In these tumultuous days, so many people are grieving. And for them, the skies above are dark, starless, devoid of any promise of hope.
In California, wildfires that are still burning have been called “the greatest tragedy that California has ever faced.” At least 40 people have died and more than 200 people are missing. An estimated 217,000 acres have burned, more than 5,700 structures have been destroyed, and approximately 75,000 people have been evacuated. Evacuees are returning home to a heartbreaking new reality.
The Las Vegas mass shooting reminded us that any community, any event, any neighborhood can become a place of grave danger.
In the September earthquake in Mexico, 255 people died. More than 44 buildings were completely destroyed and another 3,000 were severely damaged, forcing thousands of people to evacuate and leaving countless more mourning their tragic losses.
The 2017 hurricane season has been catastrophic. Hurricane Harvey killed 75 people, mostly in Texas, while Irma killed 87 people in the U.S. and its territories. As of yesterday, 48 people have died in Puerto Rico as Hurricane Maria left so many people without shelter, clean water, electricity or hope.
At least 500 people are believed to have been killed or seriously injured in Mogadishu, the capital of Somalia, in one of the most lethal terrorist acts anywhere in the world for many years. The death toll from yesterday’s attack, which was caused by a truck packed with several hundred pounds of explosives, stood at 276 today as more bodies are removed from the rubble spread over an area hundreds of miles wide.
Perhaps some people feel abandoned by God, lost in their grief, not knowing where to turn. Perhaps some people look upward to find comfort and find instead a starless sky that speaks only of sadness and loss. Words of consolation seem empty. Sermons are never enough comfort. Sometimes prayers are not enough either. And yet our faith offers us the image of one who comforts and who understands our deepest sorrows. This comforting presence is beautifully portrayed in the poetry of Ann Weems. These are her words.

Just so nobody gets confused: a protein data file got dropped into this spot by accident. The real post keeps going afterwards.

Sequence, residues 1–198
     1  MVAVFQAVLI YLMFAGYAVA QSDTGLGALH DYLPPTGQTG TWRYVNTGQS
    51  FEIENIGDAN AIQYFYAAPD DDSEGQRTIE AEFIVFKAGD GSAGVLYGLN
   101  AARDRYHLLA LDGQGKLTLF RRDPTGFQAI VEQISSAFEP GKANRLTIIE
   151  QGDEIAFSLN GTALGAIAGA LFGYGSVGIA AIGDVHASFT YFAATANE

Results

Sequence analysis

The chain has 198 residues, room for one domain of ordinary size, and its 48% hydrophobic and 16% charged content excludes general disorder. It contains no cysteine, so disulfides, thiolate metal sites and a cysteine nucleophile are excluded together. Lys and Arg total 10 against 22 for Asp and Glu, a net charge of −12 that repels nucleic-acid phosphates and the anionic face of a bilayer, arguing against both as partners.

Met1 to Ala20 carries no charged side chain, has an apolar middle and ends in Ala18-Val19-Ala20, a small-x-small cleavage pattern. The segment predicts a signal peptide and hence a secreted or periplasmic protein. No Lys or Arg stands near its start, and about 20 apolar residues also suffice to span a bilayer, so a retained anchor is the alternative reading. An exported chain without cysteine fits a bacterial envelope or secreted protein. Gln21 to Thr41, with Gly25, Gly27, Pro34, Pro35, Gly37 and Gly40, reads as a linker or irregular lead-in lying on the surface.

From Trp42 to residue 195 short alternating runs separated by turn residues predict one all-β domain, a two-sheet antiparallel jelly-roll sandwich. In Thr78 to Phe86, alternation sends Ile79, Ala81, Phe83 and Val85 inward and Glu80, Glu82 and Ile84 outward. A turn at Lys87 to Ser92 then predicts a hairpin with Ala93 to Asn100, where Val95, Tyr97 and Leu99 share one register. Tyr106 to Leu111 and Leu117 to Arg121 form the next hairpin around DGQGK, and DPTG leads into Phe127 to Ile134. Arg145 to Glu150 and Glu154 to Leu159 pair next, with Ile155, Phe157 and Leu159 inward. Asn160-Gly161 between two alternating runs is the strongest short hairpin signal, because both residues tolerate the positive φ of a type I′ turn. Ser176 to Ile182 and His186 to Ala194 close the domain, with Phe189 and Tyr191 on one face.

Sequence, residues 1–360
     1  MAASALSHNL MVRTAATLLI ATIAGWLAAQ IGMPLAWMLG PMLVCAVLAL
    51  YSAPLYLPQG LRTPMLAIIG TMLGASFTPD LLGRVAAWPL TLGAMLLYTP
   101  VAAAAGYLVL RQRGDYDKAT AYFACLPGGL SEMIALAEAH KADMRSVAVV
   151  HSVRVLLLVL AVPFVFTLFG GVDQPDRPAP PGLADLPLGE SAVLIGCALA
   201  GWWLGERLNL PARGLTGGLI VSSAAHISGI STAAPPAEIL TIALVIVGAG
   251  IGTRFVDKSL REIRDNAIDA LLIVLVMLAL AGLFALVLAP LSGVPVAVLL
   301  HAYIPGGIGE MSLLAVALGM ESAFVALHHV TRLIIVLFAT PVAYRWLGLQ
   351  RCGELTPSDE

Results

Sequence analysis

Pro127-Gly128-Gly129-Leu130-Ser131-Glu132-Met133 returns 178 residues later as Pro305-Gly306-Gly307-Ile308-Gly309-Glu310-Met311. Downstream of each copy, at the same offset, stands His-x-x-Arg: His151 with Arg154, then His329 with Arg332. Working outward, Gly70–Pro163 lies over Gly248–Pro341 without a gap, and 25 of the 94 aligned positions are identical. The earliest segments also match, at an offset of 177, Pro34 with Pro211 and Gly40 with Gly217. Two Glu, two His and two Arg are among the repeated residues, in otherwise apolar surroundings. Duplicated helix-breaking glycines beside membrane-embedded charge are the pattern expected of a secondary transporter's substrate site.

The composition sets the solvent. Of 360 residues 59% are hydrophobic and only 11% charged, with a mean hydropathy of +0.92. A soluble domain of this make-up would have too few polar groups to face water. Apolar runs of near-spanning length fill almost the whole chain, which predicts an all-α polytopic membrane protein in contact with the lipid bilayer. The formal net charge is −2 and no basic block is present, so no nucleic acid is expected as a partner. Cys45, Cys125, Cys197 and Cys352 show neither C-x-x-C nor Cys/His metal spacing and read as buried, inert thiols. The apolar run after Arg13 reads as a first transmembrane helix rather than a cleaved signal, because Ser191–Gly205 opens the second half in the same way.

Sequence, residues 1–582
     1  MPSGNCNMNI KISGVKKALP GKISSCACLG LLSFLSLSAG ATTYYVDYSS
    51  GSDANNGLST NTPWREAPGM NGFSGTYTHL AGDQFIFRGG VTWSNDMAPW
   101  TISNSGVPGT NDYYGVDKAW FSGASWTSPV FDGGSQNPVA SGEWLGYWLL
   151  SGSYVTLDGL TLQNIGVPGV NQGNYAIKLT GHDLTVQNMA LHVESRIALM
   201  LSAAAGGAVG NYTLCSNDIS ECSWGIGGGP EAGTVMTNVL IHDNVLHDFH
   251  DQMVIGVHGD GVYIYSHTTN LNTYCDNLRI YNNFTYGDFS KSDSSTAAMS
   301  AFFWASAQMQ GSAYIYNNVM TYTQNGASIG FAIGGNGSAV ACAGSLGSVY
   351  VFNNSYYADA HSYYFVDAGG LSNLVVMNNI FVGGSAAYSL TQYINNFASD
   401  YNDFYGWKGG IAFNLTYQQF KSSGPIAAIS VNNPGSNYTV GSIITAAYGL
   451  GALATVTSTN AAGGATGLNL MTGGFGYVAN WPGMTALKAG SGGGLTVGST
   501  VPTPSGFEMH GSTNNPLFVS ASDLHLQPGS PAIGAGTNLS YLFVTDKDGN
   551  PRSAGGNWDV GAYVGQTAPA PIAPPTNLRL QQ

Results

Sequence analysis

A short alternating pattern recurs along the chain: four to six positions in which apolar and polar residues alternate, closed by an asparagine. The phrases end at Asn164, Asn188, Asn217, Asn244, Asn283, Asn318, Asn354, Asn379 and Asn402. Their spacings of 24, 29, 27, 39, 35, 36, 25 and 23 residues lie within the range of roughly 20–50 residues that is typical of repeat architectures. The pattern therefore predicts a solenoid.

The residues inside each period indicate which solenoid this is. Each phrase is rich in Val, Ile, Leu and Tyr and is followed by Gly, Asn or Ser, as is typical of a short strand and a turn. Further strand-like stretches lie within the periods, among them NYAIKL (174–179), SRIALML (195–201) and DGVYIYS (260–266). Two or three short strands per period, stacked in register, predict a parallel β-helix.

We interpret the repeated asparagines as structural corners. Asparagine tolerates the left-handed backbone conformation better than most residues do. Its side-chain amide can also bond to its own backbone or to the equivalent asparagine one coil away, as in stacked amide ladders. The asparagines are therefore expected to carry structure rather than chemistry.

In the quiet times this image comes to me: Jesus weeping.
and in his weeping,
he joined himself forever to those who mourn.
He stands now throughout all time, this Jesus weeping,
with his arms about the weeping ones:
‘Blessed are those who mourn, for they shall be comforted.’
He stands with the mourners, for his name is God-with-us.
‘Blessed are those who weep, for they shall be comforted.’
Someday. Someday God will wipe the tears from Rachel’s eyes.
In the godforsaken, obscene quicksand of life,
there is a deafening alleluia rising from the souls of those who weep,
and of those who weep with those who weep.
If you watch, you will see the hand of God
putting the stars back in their skies
one by one.
– From Psalms of Lament, Ann Weems
If we have anything at all to share with the thousands of our brothers and sisters who mourn today, it is this image of a weeping Christ who “was acquainted with grief” and who always — always — puts the stars back in our darkened skies, one by one. That is hope. Amen.